Currently, most automakers see the electric car as the future of the industry. When developing these types of vehicles, the brands are adopting two radically different strategies. Some are committed to creating multi-energy platforms capable of housing thermal, hybrid, and electric powertrains, while others are developing specific architectures for 100% electric cars.
Advocates of flexible platforms include BMW (UKL-E and HPLC-E platforms), PSA Peugeot-Citroën (e-CMP and e-EMP2 platforms), and Volvo (CMA and SPA platforms). In contrast, companies such as General Motors (BEV3 platform), Hyundai (E-GMP platform), the Renault-Nissan-Mitsubishi Alliance (CMF-EV platform), or the Volkswagen Group (MEB and PPE platforms) have opted for 100% electric architectures.
In the specific case of Volkswagen, the MEB platform will serve as the basis for the vast majority of the group’s electric cars (the PPE will be reserved for high-end models), from compacts such as the ID.3 to SUVs such as the Audi Q4 e-Tron. This architecture will be the cornerstone of the German company’s massive electrification project, even offering it to third-party manufacturers such as Ford to develop their electric cars from it.
Klaus Bischoff, head of design at Volkswagen, says that not developing a specific platform for electric cars is “a mistake.” “Electric powertrains offer designers the opportunity to come up with a whole new design approach. Our goal is to develop something that gives customers great benefits: a small footprint, a great interior, and fully digital architecture. Keeping [an electric car] on a traditional platform would have been the wrong decision.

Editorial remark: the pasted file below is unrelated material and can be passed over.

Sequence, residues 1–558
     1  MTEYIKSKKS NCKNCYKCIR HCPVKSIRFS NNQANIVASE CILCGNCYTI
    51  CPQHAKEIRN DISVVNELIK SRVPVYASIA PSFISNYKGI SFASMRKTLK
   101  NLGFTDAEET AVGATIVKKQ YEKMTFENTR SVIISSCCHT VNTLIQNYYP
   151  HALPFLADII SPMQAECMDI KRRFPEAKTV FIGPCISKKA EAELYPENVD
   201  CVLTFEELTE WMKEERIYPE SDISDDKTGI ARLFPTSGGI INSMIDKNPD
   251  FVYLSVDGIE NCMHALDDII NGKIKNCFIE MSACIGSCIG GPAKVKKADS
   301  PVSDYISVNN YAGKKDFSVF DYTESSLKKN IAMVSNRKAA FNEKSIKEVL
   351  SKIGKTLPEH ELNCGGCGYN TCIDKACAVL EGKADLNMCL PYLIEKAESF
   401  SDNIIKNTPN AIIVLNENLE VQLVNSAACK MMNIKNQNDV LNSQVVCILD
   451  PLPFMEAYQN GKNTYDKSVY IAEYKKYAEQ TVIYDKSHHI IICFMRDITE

There is more freedom [with a dedicated electric car] because the volume and proportions of the vehicle are different. With the internal combustion engine out of the game, you can change the dimensions and body styles and have a lot more flexibility, particularly in terms of interior design.”
Despite everything, Bischoff is aware that brands cannot be too radical when it comes to designing electric cars so as not to “scare” buyers: “We are on this journey together. If you go too far and enter a design field that is different but not balanced or stylistic, you may lose customers. You need to be brave, but you have to do it step by step.”